27 January 2015

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Union in call for answers over future of Midlands daily

The National Union of Journalists has called for assurances from newspaper bosses over the future of a Midlands daily following a series of staff cutbacks.

The Nottingham branch of the NUJ has sent a joint letter to Mel Cook, new editor of the Nottingham Post and Steve Auckland, chief executive of Northcliffe Media raising concerns about the reduction in the number of journalists at the title.

Picture editor Steve Mitchell has become the latest senior member of staff to leave the newspaper, and is not being replaced.

It follows the non-replacement earlier this year of deputy editor Steve Fletcher who left to edit the Lincolnshire Echo, assistant editor Martin Biddle, and two sports desk staff who also left.

Diana Peasey, the chair of the Nottingham NUJ branch said it was unclear whether the paper will continue as a daily title.

Said Diana: “The NUJ has asked both Mel Cook and Steve Auckland to update us on what is going to happen to the paper. In a city which has no other local daily, it is absolutely vital that the Post continues as a daily.

“Because of the cutbacks staff are working very long hours without any breaks. Shambolic and chaos is an understatement.  What is worse is that no-one knows what is going on or those in the know aren’t saying.

“The Post is indebted to its staff for keeping the paper going at the moment and to treat them like this is unacceptable.”

The union has also made a submission to the Office of Fair Trading on the Northcliffe proposal to take over the Nottingham Topper, questioning whether now is the most appropriate time to lodge a take-over bid.

Said Diana: “We have said we want the Topper to survive as a successful weekly and we want conditions imposed on the Post that the Topper will remain in operation.

“If Northcliffe can’t guarantee that then we would be opposed to the sale and suggest another buyer is brought in.”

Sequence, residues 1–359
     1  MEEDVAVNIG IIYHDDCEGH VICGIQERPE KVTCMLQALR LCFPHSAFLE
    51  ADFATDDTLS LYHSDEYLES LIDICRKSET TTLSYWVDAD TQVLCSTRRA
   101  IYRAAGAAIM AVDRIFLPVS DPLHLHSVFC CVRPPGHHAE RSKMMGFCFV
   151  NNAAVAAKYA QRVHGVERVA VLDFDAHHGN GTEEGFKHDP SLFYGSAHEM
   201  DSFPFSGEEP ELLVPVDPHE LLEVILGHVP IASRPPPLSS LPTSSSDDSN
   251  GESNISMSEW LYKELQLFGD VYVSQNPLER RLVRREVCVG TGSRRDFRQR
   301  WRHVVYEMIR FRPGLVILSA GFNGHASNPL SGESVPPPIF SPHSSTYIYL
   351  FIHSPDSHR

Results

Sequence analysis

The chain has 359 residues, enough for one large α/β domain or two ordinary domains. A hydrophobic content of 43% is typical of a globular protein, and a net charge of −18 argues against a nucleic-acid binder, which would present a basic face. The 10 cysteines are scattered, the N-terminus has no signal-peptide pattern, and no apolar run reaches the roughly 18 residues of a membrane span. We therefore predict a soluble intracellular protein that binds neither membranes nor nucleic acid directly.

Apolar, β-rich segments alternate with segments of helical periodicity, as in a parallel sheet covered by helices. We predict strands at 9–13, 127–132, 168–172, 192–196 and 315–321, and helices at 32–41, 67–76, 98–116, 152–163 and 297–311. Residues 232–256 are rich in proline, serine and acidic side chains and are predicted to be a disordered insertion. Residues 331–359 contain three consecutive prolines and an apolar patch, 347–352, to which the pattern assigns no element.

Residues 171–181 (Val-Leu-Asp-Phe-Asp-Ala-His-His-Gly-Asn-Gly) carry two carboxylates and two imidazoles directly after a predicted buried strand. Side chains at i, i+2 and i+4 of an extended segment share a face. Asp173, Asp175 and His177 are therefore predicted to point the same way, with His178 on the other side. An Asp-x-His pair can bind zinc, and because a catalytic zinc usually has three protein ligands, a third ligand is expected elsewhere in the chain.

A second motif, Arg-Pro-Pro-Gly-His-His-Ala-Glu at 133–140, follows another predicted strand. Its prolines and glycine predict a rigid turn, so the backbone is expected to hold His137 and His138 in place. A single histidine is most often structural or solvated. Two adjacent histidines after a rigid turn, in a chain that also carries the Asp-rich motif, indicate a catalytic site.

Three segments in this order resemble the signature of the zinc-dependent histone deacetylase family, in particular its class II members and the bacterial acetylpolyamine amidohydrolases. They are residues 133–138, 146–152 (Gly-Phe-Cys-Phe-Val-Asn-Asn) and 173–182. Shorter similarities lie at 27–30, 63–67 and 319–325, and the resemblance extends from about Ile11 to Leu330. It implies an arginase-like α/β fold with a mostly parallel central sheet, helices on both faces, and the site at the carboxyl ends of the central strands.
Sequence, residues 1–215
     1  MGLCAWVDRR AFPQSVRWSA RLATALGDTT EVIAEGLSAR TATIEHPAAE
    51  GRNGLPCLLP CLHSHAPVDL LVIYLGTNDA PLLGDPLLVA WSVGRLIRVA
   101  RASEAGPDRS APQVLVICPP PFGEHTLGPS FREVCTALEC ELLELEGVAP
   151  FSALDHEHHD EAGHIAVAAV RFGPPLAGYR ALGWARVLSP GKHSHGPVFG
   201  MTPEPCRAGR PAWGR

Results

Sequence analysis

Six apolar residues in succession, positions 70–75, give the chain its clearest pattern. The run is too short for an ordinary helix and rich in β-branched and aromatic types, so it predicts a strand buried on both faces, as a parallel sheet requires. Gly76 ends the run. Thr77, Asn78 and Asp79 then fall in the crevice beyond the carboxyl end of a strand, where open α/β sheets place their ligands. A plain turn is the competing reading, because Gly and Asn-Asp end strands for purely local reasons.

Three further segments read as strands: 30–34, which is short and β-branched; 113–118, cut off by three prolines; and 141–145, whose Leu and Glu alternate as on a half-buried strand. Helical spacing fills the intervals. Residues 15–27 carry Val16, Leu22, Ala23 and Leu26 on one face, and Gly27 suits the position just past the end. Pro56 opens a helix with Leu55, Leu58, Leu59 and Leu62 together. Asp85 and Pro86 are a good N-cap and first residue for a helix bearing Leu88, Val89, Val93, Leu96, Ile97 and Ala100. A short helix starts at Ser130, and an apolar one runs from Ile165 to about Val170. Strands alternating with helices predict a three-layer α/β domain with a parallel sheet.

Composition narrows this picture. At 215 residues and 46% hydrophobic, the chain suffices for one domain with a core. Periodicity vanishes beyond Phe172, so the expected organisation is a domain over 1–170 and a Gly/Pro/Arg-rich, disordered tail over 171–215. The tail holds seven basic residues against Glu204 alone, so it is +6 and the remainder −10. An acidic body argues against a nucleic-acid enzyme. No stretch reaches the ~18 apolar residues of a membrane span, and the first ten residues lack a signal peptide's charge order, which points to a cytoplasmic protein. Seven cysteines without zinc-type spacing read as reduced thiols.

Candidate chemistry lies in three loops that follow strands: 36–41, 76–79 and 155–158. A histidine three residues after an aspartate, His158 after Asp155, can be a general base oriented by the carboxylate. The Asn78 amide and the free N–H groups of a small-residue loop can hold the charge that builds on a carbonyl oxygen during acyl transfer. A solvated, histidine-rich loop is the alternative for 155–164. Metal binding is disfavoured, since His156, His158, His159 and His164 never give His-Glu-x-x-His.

Northcliffe Media has so far declined to respond publicly to the union’s comments but Nottingham publisher Steve Hollingsworth has sent them a private letter in response.  The OFT is due to announce a decision on the Topper deal on 22 May.


  1. Spanner

    “Suggest another buyer is brought in”

    Wake up !

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  2. Curious

    Did the Topper invite a bid as it is struggling – join the Post stable or bust – or is it a genuine Northcliffe offer to cash in on (or eliminate) a rival? Time will tell.

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  3. Moderniser, Nottingham

    These union reps live in cloud cuckoo land. Fewer people buy newspapers these days and advertisers are cutting back because they’re cash-strapped. So, titles lose money and have to save costs. Get real, you 1970s union dodos – people aren’t queuing up to buy into an industry that’s dying as the Internet takes over as the main source of news.

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  4. DAVE

    The Post is ready to move out of its current offices – I believe an announcement had been made as to where. Does anyone know if they’re still committeed to a presence in the city centre? – Thanks

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  5. Dutch Treat, The Midlands

    Quote: ” . . . an industry that’s dying as the internet takes over as the main source of news”. And where does all that internet news come from I wonder?

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  6. Curious

    Perhaps Moderniser could get real and use his local knowledge to answer the hostile bid question?
    Anti-union sentiment and/or a lack of spine is the reason regional reporters have remained so badly paid over the last 30 years.
    I’m told there was a time when it mirrored the police pay… but they have a strong union so we’re way behind them in pay scales.

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  7. Oldhack

    You really can tell the journalists from the: “I work in the meeja” types on here, can’t you?

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  8. John Bull

    Not so long ago I suggested that the Post would be going the same way as Mel Cook’s former paper and there was a queue of people accusing me of being negative and how wonderful the fortunes of the paper would now be.
    I wonder what they’re feeling now?
    And Moderniser? People still want news. The internet doesn’t provide local news, which was the cry from the newspaper bosses 15 years ago to herald in yet another round of cuts.
    Sport always played a big part in newspaper sales, and yes, you can find out how clubs like Forest and County have done, signings, gossip and the other gubbins on the net.
    But I believe that good journalists will out and people will buy newspapers to read the views of chief football writers – except Northcliffe give their work away – for free. That’s one way of making losses.
    Hyperlocal seems to be one of the latest buzzwords in management circles and that’s where papers like the Post used to reign supreme. Knowing everything that went on in their patch, with good reporters, a decent number of staff and a belief in the product.